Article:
Click. Cornelius lay in bed. Clack. Unable to sleep. Click.
The infernal clickclack came from the billboard outside his window; neon winking on and off until midnight. After a month of broken sleep, Cornelius raised a petition. His movement gained momentum – Power to the People! – a nationwide boycott sent the company broke.
The billboard came down. Cornelius slept well for the first time in weeks.
The following month, a new billboard went up. With its competitor gone, a rival company expanded its empire. Their profits paid for a billboard twice as large; one than never switched off.
ClickityClackity. ClickityClackity. Clickity.
“It was the empty sky that first set me on edge.
“Hundreds of birds huddled in overcrowded trees, despite the late hour and the crisp morning air. I was sufficiently unsettled to restock the bunker and still inside when the radiation sensors sealed the door. But I ramble.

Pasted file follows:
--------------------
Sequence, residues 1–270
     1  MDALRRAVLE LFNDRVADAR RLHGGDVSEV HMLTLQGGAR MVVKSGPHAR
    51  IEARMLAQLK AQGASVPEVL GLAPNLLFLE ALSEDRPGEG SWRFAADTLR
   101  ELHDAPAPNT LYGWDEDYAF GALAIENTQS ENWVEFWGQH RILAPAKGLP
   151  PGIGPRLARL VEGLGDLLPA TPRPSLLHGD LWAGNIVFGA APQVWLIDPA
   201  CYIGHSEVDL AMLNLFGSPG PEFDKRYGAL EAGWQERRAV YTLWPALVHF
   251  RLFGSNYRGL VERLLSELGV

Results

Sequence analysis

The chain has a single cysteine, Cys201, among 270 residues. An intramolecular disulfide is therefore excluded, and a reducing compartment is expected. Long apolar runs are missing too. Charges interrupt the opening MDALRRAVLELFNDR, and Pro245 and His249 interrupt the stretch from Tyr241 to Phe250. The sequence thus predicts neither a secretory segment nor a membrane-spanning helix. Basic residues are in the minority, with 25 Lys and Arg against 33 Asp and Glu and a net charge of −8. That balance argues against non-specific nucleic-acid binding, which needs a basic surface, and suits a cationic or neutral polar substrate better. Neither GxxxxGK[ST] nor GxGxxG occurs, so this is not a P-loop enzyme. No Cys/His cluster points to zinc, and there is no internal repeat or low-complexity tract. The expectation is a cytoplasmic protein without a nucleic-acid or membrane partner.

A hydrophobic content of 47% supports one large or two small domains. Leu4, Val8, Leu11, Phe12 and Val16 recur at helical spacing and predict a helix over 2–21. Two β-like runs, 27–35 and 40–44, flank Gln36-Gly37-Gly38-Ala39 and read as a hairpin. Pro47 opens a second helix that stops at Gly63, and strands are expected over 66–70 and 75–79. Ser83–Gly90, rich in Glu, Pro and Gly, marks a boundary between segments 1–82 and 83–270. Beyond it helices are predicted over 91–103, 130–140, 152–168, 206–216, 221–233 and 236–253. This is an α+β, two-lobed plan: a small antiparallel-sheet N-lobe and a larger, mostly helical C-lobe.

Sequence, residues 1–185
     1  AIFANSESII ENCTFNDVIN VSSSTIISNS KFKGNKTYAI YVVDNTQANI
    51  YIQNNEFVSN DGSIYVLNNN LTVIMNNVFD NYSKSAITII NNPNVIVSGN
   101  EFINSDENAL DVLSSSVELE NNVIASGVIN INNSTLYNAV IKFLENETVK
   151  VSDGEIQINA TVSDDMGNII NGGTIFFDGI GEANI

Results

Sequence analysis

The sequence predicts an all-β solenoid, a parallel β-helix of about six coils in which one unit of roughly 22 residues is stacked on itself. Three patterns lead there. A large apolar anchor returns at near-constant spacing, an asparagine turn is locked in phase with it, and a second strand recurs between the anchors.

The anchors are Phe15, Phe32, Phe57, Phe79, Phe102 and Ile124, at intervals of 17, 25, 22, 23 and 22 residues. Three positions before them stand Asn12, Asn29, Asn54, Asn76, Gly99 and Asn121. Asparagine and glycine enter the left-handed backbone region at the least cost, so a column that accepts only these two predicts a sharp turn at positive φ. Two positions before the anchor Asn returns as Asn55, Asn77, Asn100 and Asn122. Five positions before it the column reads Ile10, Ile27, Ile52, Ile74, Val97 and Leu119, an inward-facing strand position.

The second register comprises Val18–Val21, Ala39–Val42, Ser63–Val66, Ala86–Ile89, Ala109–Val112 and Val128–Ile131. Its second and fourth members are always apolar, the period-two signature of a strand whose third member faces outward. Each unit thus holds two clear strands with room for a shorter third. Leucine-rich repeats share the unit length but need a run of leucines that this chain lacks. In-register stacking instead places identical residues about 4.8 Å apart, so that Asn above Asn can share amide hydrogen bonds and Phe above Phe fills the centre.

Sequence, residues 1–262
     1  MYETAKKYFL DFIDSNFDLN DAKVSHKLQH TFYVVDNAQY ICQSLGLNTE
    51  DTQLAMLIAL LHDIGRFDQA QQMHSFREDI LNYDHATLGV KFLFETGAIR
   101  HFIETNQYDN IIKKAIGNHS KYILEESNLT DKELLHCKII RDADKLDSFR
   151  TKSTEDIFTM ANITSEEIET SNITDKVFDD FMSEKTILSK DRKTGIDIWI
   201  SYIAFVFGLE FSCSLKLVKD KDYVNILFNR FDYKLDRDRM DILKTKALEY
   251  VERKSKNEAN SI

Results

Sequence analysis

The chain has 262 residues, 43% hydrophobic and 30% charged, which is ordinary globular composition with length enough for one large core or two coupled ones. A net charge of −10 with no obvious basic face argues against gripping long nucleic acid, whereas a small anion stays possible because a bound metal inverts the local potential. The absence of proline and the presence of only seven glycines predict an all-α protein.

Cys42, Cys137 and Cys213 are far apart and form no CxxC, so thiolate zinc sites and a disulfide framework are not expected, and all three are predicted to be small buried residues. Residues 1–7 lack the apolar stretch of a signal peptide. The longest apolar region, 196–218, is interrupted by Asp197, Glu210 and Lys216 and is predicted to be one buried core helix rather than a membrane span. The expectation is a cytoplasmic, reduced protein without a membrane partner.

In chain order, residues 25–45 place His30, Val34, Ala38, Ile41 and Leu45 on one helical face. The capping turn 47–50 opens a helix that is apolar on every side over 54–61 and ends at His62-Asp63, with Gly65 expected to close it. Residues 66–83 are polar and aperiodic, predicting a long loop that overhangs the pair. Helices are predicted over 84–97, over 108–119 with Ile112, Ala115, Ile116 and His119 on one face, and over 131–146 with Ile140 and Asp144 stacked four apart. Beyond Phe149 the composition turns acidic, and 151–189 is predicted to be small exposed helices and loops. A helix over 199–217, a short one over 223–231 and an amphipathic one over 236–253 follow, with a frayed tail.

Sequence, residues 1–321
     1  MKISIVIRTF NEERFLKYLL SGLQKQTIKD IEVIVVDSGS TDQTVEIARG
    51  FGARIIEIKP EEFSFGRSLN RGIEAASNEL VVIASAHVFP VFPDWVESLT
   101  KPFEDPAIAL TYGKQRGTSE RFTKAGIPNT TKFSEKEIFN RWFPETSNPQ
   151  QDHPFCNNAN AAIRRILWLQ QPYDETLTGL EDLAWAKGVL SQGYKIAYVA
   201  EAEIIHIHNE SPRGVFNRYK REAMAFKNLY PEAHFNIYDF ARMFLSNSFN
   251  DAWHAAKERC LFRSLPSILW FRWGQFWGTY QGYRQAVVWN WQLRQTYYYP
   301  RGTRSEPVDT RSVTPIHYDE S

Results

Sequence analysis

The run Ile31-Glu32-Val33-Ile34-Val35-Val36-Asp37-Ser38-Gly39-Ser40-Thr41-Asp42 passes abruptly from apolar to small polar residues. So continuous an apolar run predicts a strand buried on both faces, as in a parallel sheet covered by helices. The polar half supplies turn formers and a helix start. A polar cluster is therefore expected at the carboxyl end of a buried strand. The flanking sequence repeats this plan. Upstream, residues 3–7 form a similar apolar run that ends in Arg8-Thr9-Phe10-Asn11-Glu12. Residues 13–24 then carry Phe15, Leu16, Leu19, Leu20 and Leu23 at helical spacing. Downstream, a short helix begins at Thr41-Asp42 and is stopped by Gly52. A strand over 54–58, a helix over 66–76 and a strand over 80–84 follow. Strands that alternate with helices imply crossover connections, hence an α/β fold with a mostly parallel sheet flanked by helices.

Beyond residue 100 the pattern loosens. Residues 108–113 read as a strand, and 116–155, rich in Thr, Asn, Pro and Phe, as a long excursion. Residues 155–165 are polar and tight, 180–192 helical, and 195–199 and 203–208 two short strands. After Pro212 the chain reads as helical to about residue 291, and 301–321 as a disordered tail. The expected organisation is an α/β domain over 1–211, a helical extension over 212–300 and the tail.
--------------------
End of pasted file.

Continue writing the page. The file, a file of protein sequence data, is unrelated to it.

“If there’s anyone still alive out there, I’m in a bunker on Mount Dandenong. I’m transmitting on UHF and will scan all frequencies for as long as I’m able.
“I’m at coordinates 37.8311° S, 145.3600° E, with food and water. Is there anyone out there?
“I don’t want to die all alone.”
Dane glanced at the somber gathering, all dark suits and dresses; he shouldn’t have come. As the ceremony finished he approached the broken couple, crumpled together in their grief.
“Mrs and Mr Bowen, I’m so sorry.”
He’d expected harsh words, a slap even. Their response was worse: they pushed past him and left, like he didn’t exist.
Grief mingled with guilt. He’d been too drunk to drive, she’d told him to slow down. “I should’ve died too.”
“Should’ve? You did.”
Startled, Dane looked up. A shadowed form stood before him in the suddenly dark cemetery.
“I’ve come to collect you.”